A York University professor from Costa Rica who failed to gain permanent residency says his family has been discriminated against because his 13-year-old son, Nico, has Down Syndrome.
According to a CBC.ca report, Felipe Montoya is flying back to his homeland with his family after three years in Canada, but not before berating government officials who deemed his son too much of a financial burden on the system.
Montoya, who came to Canada with his family to teach environmental studies at York University, told the CBC the treatment is unfair and barbaric.
“(My son) was singled out solely because of his genetic identity,” he told CBC Radio’s Metro Morning on Monday. “The only difference is he has a genetic condition that makes him different.”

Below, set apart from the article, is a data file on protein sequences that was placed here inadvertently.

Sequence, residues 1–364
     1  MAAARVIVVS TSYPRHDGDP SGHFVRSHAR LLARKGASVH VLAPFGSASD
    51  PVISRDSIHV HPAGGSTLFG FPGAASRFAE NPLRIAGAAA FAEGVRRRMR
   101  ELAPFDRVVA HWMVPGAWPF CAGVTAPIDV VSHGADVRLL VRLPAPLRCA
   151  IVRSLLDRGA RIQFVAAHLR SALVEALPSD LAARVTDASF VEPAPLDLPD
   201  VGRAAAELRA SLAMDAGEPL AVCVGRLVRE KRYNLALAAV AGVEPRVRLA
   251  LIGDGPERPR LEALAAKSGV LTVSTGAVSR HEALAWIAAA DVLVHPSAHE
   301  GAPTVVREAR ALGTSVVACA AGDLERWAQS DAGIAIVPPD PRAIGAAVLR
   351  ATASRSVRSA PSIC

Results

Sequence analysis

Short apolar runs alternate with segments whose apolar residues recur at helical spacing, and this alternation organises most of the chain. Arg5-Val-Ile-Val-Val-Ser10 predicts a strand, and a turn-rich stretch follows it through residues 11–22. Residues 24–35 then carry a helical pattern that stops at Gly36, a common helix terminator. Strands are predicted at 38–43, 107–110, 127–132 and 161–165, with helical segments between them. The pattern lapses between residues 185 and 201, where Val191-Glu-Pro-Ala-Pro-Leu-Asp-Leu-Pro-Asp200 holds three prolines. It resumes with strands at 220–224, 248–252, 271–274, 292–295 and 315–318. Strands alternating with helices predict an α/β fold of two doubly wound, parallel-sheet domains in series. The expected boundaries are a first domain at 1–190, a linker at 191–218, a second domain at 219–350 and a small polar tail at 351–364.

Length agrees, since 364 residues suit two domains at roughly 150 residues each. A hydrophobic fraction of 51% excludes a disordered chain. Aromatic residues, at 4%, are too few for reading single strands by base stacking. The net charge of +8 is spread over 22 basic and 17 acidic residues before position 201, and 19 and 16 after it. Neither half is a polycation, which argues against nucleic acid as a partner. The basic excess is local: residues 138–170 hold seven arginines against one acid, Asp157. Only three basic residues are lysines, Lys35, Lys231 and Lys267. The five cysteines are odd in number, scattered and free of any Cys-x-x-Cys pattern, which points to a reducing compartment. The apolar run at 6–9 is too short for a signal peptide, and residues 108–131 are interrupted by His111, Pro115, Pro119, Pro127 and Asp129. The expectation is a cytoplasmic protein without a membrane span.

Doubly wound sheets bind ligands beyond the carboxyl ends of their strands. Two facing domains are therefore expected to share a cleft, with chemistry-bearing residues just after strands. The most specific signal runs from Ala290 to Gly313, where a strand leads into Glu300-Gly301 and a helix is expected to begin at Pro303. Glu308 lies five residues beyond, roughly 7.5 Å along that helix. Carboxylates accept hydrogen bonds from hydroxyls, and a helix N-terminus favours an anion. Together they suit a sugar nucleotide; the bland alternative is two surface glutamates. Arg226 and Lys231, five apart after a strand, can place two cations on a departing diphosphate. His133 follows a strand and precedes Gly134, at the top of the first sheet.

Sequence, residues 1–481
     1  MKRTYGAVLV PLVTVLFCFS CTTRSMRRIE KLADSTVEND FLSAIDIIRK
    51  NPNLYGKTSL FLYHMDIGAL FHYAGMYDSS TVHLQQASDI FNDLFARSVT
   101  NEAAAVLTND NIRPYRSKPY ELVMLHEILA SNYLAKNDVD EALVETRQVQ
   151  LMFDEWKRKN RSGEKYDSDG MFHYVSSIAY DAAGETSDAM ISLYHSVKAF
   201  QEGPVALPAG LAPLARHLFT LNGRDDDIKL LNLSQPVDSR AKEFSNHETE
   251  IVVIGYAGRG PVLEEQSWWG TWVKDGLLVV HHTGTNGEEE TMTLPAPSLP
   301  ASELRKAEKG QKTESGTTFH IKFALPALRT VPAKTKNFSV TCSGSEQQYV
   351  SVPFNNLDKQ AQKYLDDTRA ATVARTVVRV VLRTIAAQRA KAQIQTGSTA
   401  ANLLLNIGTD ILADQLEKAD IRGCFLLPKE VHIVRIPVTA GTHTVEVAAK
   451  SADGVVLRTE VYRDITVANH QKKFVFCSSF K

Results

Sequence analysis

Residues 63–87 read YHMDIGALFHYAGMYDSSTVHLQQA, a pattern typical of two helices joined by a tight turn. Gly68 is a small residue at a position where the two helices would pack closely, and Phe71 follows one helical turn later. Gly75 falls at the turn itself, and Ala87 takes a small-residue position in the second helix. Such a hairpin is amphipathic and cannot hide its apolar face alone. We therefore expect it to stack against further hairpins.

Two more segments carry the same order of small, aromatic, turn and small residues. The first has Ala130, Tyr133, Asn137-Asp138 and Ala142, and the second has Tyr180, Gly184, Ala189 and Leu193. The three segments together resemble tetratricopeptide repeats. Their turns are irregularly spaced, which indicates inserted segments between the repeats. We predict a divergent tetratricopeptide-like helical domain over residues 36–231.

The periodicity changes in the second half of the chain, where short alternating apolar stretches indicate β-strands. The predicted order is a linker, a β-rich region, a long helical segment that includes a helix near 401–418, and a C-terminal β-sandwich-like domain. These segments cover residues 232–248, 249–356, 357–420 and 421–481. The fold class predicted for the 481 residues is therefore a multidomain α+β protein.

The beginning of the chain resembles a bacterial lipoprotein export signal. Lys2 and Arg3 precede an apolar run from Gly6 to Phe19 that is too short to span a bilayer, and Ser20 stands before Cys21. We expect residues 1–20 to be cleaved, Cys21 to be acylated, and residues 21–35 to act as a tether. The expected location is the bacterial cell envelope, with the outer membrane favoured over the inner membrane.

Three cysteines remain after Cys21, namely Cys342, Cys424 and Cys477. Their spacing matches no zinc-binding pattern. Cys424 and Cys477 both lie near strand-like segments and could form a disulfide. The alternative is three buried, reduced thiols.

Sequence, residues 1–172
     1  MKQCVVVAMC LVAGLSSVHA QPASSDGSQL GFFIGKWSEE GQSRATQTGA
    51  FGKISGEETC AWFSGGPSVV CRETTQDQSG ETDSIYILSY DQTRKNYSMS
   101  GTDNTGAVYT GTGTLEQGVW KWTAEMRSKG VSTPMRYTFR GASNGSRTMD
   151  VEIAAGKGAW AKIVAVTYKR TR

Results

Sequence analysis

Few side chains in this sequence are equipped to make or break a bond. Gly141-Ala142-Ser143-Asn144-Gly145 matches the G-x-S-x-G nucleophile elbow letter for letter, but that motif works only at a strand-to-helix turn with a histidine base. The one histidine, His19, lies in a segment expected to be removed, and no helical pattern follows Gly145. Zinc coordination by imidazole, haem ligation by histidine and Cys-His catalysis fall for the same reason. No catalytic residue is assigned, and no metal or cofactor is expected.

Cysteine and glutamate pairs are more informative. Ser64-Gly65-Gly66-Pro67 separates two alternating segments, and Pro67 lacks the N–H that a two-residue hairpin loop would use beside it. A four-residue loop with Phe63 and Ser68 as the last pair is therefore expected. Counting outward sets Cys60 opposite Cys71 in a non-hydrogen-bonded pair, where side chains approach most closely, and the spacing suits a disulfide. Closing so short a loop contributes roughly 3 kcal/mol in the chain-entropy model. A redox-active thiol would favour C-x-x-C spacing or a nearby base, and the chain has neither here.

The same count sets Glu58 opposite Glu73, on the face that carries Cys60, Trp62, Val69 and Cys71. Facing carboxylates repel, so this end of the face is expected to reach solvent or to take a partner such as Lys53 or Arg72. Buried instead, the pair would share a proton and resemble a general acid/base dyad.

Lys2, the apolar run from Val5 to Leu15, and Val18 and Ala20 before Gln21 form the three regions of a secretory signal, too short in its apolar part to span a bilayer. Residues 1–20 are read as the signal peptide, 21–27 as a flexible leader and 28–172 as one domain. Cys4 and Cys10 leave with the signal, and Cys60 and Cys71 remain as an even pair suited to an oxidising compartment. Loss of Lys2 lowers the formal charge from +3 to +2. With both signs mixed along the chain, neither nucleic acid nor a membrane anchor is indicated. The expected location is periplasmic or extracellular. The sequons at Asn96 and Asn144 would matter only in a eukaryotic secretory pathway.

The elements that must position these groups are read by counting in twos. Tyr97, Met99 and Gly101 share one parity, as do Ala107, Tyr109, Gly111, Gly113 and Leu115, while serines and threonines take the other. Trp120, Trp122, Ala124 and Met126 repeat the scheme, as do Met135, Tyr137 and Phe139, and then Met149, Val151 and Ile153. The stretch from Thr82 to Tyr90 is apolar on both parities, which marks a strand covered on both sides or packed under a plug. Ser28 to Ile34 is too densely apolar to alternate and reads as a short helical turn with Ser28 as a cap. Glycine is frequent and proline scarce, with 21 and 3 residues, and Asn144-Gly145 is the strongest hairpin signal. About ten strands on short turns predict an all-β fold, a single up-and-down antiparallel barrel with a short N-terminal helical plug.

“You have people who are deemed inadmissible because they may cost the state.”
Montoya’s wife, Alejandra Garcia-Prieto, said she’s devastated by the experience, adding that people with Down Syndrome “are victims of a stigma.”
The couple also has a 17-year-old daughter.
The family plans to move back to Costa Rica in June, but Montoya is adamant that he’ll bring the issue to light.
He told CBC he’s already contacted several cabinet ministers to discuss the matter with hopes of changing legislation that can prevent permanent residency if a foreign national “might reasonably be expected to cause excessive demand on health or social services.”